Local Government Minister Paula Bennett has rejected calls for a law change that would let individual communities opt out of proposed council amalgamations.

The move is a blow for three Hawke's Bay mayors who have been part of a group of civic leaders pushing for the change through council advocacy group Local Government New Zealand.

Mayors Bill Dalton (Napier), Craig Little (Wairoa) and Peter Butler (Central Hawke's Bay) were among about 12 mayors who met in Wellington on Wednesday to discuss concerns the Local Government Commission is "forcing" council amalgamations on regions - including Hawke's Bay.

The commission is part-way through hearing submissions on its draft proposal to merge the region's four territorial authorities, along with the Hawke's Bay Regional Council, into a single unitary local authority.

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Wednesday's Wellington meeting of the Local Democracy Coalition called on the Government to change the law "so that no amalgamation can occur against the wishes of a majority of potential voters within the boundaries of any affected council".

Under present law, a final amalgamation proposal from the commission can only be rejected if it is opposed by a majority of voters in a poll held across the entire affected region.

Last month the Napier, Wairoa and Central Hawke's Bay Councils played a pivotal role in putting a remit about the issue on to the agenda of Local Government New Zealand's annual meeting, to be held next month. The remit calls on LGNZ to drop its current neutral stance on amalgamation and lobby the Government for the law change proposed by the LDC.

But this week, Ms Bennett pre-empted the remit by writing to LGNZ to say the Government did not support the proposed law change.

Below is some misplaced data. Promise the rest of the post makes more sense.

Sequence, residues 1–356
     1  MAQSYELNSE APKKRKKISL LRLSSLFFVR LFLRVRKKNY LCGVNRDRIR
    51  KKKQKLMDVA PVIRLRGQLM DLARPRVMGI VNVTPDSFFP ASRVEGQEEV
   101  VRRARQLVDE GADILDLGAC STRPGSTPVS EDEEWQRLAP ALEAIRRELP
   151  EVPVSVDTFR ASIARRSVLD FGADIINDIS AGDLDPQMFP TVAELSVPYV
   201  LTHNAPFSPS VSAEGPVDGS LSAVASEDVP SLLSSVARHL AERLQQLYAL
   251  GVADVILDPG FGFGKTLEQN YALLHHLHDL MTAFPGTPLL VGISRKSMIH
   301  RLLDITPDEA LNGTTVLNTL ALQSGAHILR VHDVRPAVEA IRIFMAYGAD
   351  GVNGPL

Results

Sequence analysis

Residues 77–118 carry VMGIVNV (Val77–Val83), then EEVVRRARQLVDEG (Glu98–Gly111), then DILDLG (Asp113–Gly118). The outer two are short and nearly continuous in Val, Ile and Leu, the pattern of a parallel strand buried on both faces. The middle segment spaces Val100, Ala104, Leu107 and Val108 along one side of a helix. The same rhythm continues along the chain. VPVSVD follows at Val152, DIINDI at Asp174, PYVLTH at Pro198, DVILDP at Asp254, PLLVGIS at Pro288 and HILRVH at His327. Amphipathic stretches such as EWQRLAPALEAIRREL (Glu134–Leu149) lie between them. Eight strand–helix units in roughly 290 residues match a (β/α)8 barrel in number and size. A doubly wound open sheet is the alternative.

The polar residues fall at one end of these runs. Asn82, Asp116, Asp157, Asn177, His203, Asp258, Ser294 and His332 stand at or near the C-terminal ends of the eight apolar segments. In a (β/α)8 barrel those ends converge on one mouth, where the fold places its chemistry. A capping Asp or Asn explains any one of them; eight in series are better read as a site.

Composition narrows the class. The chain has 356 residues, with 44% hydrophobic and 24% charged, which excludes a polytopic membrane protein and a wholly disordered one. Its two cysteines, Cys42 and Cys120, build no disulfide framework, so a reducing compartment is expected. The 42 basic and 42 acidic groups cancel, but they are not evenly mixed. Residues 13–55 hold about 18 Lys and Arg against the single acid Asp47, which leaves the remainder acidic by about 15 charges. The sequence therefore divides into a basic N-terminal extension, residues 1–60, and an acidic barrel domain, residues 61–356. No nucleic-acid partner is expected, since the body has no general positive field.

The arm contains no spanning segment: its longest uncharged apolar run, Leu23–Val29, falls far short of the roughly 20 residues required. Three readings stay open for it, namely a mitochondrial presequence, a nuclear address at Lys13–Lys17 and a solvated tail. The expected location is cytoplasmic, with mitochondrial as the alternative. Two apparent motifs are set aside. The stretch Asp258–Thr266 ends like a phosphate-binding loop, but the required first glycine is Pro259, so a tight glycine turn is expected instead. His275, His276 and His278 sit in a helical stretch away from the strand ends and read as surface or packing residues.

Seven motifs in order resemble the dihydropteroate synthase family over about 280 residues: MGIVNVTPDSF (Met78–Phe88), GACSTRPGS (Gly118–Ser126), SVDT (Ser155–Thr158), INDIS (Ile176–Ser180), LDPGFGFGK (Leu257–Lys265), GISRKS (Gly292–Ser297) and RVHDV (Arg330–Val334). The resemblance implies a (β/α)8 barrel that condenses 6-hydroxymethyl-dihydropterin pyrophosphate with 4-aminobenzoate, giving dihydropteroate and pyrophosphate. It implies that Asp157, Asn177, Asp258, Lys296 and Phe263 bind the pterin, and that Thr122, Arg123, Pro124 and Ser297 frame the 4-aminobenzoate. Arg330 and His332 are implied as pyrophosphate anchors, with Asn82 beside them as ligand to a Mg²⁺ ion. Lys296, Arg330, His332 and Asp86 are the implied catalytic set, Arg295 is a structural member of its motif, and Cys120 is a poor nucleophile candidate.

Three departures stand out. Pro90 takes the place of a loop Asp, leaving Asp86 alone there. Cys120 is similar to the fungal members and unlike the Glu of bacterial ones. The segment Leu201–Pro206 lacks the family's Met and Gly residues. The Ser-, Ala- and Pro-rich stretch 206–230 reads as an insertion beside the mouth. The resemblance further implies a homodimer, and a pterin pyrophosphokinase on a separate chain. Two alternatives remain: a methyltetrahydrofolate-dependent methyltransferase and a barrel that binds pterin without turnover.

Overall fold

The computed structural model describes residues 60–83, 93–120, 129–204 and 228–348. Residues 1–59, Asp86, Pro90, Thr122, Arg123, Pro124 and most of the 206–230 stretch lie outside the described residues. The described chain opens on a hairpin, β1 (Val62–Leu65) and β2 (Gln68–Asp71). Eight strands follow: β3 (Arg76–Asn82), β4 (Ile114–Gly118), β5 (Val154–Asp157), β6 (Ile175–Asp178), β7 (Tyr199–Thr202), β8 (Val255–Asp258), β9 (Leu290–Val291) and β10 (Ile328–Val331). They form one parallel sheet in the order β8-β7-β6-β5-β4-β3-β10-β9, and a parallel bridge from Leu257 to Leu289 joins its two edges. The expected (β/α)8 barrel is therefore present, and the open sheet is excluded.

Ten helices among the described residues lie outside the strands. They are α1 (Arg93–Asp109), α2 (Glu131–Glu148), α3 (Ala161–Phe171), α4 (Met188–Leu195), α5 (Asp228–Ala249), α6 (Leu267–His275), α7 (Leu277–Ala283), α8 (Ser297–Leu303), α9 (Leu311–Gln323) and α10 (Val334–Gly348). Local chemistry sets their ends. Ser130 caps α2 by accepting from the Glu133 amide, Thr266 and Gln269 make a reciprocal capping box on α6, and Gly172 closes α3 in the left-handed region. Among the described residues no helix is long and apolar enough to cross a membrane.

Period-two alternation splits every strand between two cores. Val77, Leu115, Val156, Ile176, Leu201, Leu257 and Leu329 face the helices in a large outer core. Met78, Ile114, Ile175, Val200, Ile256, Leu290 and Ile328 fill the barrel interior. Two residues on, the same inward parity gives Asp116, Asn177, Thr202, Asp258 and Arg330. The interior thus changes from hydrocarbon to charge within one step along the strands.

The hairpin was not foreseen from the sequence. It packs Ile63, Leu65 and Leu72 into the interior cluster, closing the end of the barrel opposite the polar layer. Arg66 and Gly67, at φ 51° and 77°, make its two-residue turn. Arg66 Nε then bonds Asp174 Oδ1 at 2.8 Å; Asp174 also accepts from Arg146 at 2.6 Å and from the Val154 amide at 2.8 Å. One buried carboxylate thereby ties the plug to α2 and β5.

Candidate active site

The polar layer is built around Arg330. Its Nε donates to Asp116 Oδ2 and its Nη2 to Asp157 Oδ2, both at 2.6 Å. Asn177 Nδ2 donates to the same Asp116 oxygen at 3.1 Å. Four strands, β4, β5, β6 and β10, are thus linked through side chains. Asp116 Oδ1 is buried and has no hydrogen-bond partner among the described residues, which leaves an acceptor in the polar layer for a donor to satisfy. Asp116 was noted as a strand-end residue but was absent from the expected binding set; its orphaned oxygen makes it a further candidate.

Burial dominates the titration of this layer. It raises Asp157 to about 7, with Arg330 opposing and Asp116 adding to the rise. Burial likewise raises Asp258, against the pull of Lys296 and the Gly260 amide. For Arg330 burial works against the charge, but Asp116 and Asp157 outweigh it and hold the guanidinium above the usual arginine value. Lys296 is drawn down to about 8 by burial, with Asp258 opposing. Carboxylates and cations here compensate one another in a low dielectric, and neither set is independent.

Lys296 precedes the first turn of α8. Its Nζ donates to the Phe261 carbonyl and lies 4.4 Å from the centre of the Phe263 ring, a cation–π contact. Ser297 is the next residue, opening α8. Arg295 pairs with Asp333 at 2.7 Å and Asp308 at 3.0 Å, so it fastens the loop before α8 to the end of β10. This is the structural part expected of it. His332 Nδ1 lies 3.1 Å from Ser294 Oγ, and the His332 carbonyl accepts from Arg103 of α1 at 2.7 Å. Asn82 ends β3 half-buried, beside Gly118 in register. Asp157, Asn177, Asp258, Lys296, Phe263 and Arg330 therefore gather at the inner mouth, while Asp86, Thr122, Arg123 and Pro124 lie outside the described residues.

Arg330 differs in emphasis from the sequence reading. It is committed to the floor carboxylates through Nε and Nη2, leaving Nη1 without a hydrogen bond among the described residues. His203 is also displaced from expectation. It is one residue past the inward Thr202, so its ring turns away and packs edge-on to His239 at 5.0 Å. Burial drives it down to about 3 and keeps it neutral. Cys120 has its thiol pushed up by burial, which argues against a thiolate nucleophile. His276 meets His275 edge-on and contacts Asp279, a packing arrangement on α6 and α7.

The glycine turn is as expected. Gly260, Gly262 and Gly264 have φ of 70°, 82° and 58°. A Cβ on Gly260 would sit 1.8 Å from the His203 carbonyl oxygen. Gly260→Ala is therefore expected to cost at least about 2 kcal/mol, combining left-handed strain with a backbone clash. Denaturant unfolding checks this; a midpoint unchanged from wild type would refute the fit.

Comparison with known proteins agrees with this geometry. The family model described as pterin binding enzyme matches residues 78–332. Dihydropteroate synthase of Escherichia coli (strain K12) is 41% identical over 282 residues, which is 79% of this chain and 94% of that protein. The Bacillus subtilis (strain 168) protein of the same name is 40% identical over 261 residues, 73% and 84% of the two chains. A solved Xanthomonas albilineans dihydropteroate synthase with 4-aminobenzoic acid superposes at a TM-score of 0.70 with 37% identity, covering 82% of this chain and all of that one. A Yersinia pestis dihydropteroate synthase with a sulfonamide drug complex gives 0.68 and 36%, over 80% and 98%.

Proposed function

She was responding to a letter from LGNZ president and Hastings Mayor Lawrence Yule, who wrote to the minister about the issue after it was raised at an LGNZ meeting in April.

Mr Dalton said he was not surprised by the minister's response, given her Government changed the law in 2012 so that polls were taken over the entire area affected by a proposed amalgamation.

He said he was heartened by the fact that at Wednesday's meeting politicians from three opposition parties - Labour, the Greens and New Zealand First - had indicated their support for the change proposed by the LDC.

Hastings District Council supports amalgamation and Mr Yule said he believed the current law was democratic because everyone in an affected region could vote on whether an amalgamation went ahead.

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"I have no particular issue with the law personally. A lot of my members in Local Government NZ do and I'm advocating on their behalf. I understand why some communities feel threatened by it," he said.

The Local Government Commission resumes its hearings in Hawke's Bay next week. It will hear submissions in Waipawa on Tuesday, Napier on Wednesday, and Wairoa on Thursday.